David collected Jan at 06:45 and Paul at 07:15.  The team reached the site at around 09:30.  The Tait was re-installed and the Kenwood removed, but despite introducing a bandpass filter to the receive path, the Tait’s front-end was not suited to the high noise on the site.

Consequently, the Kenwood was returned to service.  The bandpass filter was left in place.

Photo: ZS1DDK

Piketberg Visit

On Saturday 3 November, Jan ZS1VDV and Paul ZS1V left Stellenbosch at 06:00 to visit the 145.625MHz repeater site at Voorstevlei near Piketberg.

Towards the end of October the UHF radio for the link from Piketberg to Hawequas locked into transmit.  The link repeater at Hawequas had to be temporarily disabled to prevent the rest of the link network also locking in transmit.

The team arrived at the Piketberg site at around 8am.  The problem was narrowed to a faulty buffer chip in the link controller.  The chip was replaced with a spare and the fault cleared.  The link controller was also updated to the latest firmware.  A bandpass filter was also added to the receive path.  That eliminated interference from a nearby DMR repeater.

At 09:45 the team packed up and departed Piketberg for Hawequas.  There, the link controller settings were adjusted and a damaged connector seal on one of the antennas was repaired.

The exterior temperature sensors at both Piketberg and Hawequa have not stood up to the elements and are faulty.

The team arrived home just after noon.

Constantiaberg maintenance

On Thursday 11 October, Mike ZS1TAF and Paul ZS1V took a day off work to take advantage of an opportunity to access the Constantiaberg Sentech site, home of the 145.700MHz repeater.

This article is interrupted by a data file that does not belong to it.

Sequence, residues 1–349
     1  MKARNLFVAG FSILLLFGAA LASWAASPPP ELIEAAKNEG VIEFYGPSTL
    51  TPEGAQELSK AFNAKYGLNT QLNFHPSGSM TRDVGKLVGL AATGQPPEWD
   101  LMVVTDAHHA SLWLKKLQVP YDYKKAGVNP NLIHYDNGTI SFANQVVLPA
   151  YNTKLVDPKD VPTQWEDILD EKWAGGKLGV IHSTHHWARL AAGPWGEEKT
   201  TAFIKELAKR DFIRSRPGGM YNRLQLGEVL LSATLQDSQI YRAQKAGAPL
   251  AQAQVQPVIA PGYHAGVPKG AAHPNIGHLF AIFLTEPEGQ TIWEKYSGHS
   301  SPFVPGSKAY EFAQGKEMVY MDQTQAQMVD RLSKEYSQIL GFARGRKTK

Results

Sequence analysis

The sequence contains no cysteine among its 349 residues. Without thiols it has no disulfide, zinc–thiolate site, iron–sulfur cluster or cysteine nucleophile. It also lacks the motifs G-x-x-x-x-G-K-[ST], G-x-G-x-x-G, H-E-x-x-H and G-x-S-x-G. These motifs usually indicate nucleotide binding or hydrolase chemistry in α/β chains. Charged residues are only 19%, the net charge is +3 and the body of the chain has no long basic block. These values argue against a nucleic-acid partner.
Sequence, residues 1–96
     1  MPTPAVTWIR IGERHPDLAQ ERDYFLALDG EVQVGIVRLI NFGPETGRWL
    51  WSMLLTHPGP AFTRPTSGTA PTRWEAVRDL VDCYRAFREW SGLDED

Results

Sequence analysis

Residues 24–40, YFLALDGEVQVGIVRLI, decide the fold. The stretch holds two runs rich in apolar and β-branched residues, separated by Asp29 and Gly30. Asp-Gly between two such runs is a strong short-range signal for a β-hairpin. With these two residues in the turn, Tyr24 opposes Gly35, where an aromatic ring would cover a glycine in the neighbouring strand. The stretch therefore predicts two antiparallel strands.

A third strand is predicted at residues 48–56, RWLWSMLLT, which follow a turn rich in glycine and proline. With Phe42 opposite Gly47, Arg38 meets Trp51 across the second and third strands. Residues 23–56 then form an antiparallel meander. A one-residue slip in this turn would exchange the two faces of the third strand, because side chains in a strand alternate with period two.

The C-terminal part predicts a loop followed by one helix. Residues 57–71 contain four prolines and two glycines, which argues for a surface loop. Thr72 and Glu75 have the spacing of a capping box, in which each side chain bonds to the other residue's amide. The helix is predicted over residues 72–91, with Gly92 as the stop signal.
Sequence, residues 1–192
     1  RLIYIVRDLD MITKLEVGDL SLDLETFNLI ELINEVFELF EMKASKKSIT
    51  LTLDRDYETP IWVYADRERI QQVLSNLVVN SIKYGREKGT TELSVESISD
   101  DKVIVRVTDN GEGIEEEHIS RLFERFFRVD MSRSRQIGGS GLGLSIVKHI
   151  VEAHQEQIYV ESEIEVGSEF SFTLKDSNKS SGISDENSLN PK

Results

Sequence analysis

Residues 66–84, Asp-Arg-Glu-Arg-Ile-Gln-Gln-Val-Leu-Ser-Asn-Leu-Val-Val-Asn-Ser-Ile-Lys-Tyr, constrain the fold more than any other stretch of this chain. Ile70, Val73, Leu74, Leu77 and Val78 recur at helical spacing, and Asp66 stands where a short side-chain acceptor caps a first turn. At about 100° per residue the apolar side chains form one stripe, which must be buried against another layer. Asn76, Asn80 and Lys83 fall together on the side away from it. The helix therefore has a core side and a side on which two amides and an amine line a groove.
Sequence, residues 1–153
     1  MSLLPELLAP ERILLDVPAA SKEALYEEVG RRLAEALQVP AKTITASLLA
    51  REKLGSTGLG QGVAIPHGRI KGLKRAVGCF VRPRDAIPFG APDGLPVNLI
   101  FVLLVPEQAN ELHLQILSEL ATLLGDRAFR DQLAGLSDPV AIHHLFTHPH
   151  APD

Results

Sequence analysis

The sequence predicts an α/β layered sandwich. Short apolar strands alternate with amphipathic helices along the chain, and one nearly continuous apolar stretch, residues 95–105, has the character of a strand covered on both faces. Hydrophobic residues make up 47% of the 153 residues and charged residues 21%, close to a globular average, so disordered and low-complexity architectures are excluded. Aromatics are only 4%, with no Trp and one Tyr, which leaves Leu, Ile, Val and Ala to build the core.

The site was last visited by Sean ZS1BSD and Paul ZS1V during mid-2017.  At the time, they diagnosed a problem with the antenna/feedline, but there were no Sentech personnel on site and so, despite being certified to climb, Paul could not attend to the antenna problem.  Since then, there have been numerous changes to the management at Sentech and communication has been difficult.  Gustav ZS1NZ, who works for Sentech, alerted the WCRWG to an upcoming Sentech maintenance run earlier in the week and so plans were hastily put in place for Mike and Paul to take leave and visit the site.

The team met the Sentech technician at the security checkpoint at 9.30am and proceeded up to the site.  Despite the warm weather at the bottom, a cloud on the mountain ensured cold and wet conditions at the mast.  The SWR at the bottom of the antenna feedline was measured at 2.5:1.  The high SWR presumably caused damage to the repeater which was transmitting well below 1W.

Despite the unpleasant climbing conditions, Mike headed up the tower to open and inspect the connection point between the feedline and the antenna, but this was found to be well sealed and dry inside.  He swapped out the antenna for another and the SWR was measured at the bottom at 1.3:1.  Paul swapped out the repeater and removed the bandpass filter for re-tuning.

The team left the site just after noon, to enjoy a cold one in a warm and sunny Tokai.

 

Hanskop rebuild 2018-09-09

On the morning of Sunday 9 September, a team consisting of Jan ZS1VDV, Mike ZS1TAF, Rassie ZS1YT, Paul ZS1V, Ohan ZS1SCI and JP ZS1JPM headed to Hanskop to perform a major site re-installation.